Da Sheng Hong Kong Pastry 大聖餅家

Last year, I attended beginner’s Korean classes at Sejong Korean Language School. One of my classmates, Shirley, is a big fan of food. Every now and then, she would buy snacks for the staff at Sejong. I was lucky to be fed with her goodies, too.

A couple of days ago, Shirley brought some Hong Kong pastries to class.

Da Sheng Hong Kong Pastry 大圣饼家

Da Sheng Hong Kong Pastry 大圣饼家

Assorted Hong Kong Pastries.

Assorted Hong Kong Pastries.

Horse Hoof Biscuit 马啼酥

Horse Hoof Biscuit 马啼酥

I’m quite surprised to find Horse Hoof Biscuits in the box as these are traditional Hokkien biscuits. I usually relate Hong Kong desserts and snacks to be Cantonese style but then again the box said Hong Kong Pastry not Cantonese Pastry and Hong Kong does have various Chinese ethnic groups living there.

A good Horse Hoof Biscuits consist of messy flaky pastry filled with gooey savoury and sweet maltose filling. There must also be a hint of sesame oil during mastication.

马啼酥 Horse Hoof Biscuit known in Hokkien as Beh Teh Soh.

马啼酥 Horse Hoof Biscuit known in Hokkien as Beh Teh Soh.

Wife Biscuit 老婆饼

Wife Biscuit 老婆饼

Now, this is definitely Hong Kong pastry to me – Wife Biscuit, also known as Sweetheart Cake is a traditional Cantonese snack with flaky and thin pastry skin made with lard shortening, filled with mashed candied winter melon strips, white sesame seeds and glutinous rice. Sometimes, almond paste and 5-spice powder are also used (which I don’t prefer). The pastries are then glazed with egg wash and baked till golden brown. And yes, guys, there’s also Husband Cake which uses star anise in the fillings.

Wife Biscuit 老婆饼<br />Flaky pastry filled with candied winter melon, white sesame seeds and glutinous rice paste.

Wife Biscuit 老婆饼
Flaky pastry filled with candied winter melon, white sesame seeds and glutinous rice paste.

莲蓉咸蛋酥 Flaky pastry filled with lotus paste containing salted egg yolk.

莲蓉咸蛋酥
Flaky pastry filled with lotus paste containing salted egg yolk.

莲蓉咸蛋酥, I do not know the exact name of this in English but it is a flaky pastry filled with lotus paste containing salted egg yolk.

A little background: Chinese Flaky Pastry combines two types of dough to make pastry skin – oil dough and water dough. They are piled on top of each other and rolled out (processed like the making of croissant). The water and oil puff up the skin during baking, thus the flakiness. An orthodox version would apply lard in the oil dough but people are more health conscious these days and vegetable shortening substitute that ingredient and hence compromise the taste, that’s my humble opinion. We aren’t eating these daily, so I prefer taste over “healthy” and by the way, the vegetable shortening used is palm oil so really, are they better? It’s a butter and margarine argument, know what I mean?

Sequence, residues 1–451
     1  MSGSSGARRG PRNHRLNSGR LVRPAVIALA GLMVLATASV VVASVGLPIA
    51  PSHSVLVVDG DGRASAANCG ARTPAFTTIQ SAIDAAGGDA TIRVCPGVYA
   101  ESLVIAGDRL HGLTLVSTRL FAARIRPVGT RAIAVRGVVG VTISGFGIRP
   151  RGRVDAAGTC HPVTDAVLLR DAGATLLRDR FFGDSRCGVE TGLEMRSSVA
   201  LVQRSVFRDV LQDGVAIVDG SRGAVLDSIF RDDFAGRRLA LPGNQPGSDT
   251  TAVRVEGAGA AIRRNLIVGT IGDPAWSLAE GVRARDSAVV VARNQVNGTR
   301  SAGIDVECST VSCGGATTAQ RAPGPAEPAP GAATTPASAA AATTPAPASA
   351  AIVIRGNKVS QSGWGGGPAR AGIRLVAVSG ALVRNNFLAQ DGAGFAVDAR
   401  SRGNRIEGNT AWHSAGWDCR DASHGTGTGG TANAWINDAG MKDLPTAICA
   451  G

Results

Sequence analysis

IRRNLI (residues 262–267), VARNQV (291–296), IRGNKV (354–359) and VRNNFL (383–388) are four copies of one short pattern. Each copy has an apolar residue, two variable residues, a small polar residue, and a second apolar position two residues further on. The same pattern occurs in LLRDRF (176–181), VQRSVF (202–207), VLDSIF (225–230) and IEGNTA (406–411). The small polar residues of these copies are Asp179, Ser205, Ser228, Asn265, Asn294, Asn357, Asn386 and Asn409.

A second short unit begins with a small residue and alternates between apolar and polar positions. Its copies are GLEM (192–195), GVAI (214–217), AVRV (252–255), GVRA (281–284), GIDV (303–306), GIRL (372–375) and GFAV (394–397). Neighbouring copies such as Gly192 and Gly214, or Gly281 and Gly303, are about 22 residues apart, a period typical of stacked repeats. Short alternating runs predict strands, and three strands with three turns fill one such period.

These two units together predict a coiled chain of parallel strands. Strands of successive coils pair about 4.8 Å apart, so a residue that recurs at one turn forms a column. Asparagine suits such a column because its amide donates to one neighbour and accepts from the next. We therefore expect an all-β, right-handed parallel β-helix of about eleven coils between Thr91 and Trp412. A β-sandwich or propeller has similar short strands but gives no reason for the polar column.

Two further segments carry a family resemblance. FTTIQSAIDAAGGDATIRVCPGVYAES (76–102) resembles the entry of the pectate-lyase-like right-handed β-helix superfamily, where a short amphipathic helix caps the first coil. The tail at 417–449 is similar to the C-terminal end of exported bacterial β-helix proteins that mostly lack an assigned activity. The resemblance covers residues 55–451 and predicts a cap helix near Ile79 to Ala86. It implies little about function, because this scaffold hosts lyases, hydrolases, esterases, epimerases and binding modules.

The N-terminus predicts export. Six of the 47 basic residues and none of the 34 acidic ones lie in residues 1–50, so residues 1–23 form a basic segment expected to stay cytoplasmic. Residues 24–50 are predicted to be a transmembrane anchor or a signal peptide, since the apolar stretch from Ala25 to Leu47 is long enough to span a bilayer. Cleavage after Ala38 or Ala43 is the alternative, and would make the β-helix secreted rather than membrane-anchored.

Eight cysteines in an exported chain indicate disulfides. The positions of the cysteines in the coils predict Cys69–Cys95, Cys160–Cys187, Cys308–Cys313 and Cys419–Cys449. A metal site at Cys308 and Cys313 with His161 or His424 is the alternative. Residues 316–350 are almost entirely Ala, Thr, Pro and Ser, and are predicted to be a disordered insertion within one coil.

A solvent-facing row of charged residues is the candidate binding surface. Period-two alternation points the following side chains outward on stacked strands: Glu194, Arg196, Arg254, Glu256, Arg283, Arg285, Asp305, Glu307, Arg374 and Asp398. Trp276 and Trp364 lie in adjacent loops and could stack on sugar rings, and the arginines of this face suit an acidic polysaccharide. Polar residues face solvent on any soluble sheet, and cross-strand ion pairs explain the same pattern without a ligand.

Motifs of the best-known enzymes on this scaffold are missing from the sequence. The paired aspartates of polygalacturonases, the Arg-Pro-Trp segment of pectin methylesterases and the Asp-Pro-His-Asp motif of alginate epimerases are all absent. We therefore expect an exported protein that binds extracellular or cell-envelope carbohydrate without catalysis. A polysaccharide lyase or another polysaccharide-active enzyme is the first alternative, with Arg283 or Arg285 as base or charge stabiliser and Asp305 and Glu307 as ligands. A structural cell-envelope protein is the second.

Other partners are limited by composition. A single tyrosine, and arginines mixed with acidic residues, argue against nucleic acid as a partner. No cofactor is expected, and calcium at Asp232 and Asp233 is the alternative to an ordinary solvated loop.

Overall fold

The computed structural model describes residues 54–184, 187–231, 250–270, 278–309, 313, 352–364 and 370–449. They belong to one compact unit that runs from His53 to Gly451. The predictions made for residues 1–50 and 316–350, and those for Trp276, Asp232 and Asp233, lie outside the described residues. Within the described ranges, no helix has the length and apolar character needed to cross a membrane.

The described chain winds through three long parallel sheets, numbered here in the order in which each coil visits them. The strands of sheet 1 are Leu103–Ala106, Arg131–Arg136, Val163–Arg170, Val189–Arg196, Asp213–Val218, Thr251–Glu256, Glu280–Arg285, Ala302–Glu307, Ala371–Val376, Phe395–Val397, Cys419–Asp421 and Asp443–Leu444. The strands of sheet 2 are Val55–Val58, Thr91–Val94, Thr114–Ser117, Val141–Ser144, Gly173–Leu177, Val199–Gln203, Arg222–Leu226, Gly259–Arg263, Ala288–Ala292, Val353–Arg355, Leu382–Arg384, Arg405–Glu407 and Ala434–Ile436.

Anyway, I’ve digressed. This pastry could have been a variation of the famous Mooncake, using same filling wearing a different coat 😉

莲蓉咸蛋酥 Flaky pastry filled with lotus paste containing salted egg yolk.

莲蓉咸蛋酥
Flaky pastry filled with lotus paste containing salted egg yolk.

The Horse Hoof Biscuits from Da Sheng were definitely better than those factory-made packages but still not good enough for my taste as I like softer, more gooey filling that could be pulled like mozzarella on a pizza.

Wife Biscuit was passable. I preferred a softer and chewier texture. Maybe it was cold. I like to eat freshly baked warm ones as I find the filling to be, what can I compare to? Aha, a little mochi like. Hmmm… I have one more piece, perhaps I should warm it in the toaster and see if that’d make any difference in taste.

The 莲蓉咸蛋酥 (the one with salted egg yolk) is the one I liked best. I find the pastry crumbled in between the texture of flaky and short crust. The flakes were not as lean as the Horse Hoof Biscuits and had better aroma.

All the biscuits above have good pastry and filling ratio. That’s a plus!

Ah yes, the Tan Tarts, I heard they are good. Shirley, you got my hint? Thank you for feeding us so often. 감사합니다!

Assorted Hong Kong Pastries from Da Sheng.

Assorted Hong Kong Pastries from Da Sheng.

Da Sheng Hong Kong Pastry 大聖餅家
Address: 36 Sago Street,
Singapore 059027.
Tel: (+65) 6224 6287.

See my favourite Horse Hoof Biscuits here.

If you are interested in learning Korean language, learn from the best in Singapore – Sejong Korean Language School, click here to see their class schedules.

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Comments
6 Responses to “Da Sheng Hong Kong Pastry 大聖餅家”
  1. LFFL says:

    Delicious looking!

  2. Thai Village says:

    So interesting. Thanks

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